Maribel Nunez came prepared.
As a project leader for the Inland Equity Partnership, Nunez had nine pages of notes ready to staple to a poll distributed by Palm Springs city staff prior to a planned listening session. On those pages were detailed zoning maps, policy recommendations, and questions her group wants answered regarding what, specifically, city officials plan to do to address a lack of affordable housing.
“Most people think of affordable housing as a certain type of housing,” Nunez said during the event at James O. Jesse Desert Highland Unity Center Monday evening. “But we need condos and co-ops, and we need to think more broadly of bringing permanent affordability to the city.”
To get there, she explained, city officials need to approve rezoning much of the property near its northern border off Indian Canyon Drive, as well as other land along Vista Chino and elsewhere nearby. Where current regulations allow only for single-family homes and industrial buildings, Nunez and others she is working with in the community would like to see multi-unit housing and mixed use commercial.
In the long run, however, the city needs to move past equating increased density with affordability, she wrote in her notes. Instead, neighborhoods need to have homes occupied by residents of all income levels to stop the “concentration of poverty” in pockets throughout the city. And, others said, those homes need to contain full-time residents, not weekend vacationers.
“There are whole parts of the city where kids are not on those blocks,” said Naomi Soto, a Sonora Sunrise resident, explaining how homes used as vacation rentals have negatively affected Palm Springs. “It has completely changed the vibe of what our neighborhoods feel like.”
Both Nunez and Soto touched on familiar themes heard during other listening sessions earlier this month. But in north Palm Springs, many of the 45 people spaced evenly across the west side of the Unity Center’s gymnasium pointed to an issue unique to them: access to basic necessities is difficult, they said, and getting to where those necessities are often requires owning a vehicle or waiting an hour in the heat for a bus.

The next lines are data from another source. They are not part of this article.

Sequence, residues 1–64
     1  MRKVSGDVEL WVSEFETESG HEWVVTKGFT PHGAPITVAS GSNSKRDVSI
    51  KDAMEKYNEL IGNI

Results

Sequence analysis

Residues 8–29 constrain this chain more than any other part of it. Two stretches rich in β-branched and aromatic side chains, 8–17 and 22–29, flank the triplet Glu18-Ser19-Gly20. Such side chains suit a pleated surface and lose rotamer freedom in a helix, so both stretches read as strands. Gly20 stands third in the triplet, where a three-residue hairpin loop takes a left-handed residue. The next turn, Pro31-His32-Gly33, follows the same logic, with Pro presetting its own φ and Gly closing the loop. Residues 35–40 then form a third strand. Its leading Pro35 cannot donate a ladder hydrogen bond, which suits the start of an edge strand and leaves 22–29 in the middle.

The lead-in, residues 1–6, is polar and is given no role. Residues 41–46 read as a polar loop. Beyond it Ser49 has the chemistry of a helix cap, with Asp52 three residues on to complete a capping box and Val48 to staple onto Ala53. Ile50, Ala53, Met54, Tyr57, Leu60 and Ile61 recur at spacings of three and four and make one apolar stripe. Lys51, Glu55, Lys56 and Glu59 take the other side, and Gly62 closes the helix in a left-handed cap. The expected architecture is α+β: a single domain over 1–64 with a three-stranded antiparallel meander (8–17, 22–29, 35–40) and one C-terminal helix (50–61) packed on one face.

Those concerns were not lost on David Newell, the city’s assistant director of planning, who time and again showed maps of the city with dots representing essential services clustered near the center of town. What the maps don’t show, however, is that the northern section of the city has no medical service providers, banks, or grocery stores to serve the residents who live there. Many of those residents pleaded with Newell and other city staff Monday to solve that problem sooner rather than later.
“We need to center the community in places beyond downtown Palm Springs,” said Soto, a Coachella Valley resident for the past decade who has called Palm Springs home the past four years. “I would love to see a center of commerce not just in downtown Palm Springs.”
Whether that ever happens is now up to Newell and other planners, who will take the listening session comments, as well as the results of a city survey, and wrap them into their suggestions for an update to the city’s General Plan. Once adopted by elected officials, the plan will serve as a framework for rules and regulations aimed at helping build a city where all residents have access to affordable housing, public parks and other facilities, healthy food, medical care, and public transit.
The next step in the process is a meeting of the General Plan Steering Committee, slated for today at 5:30 PM. Information on how to view the meeting can be found here.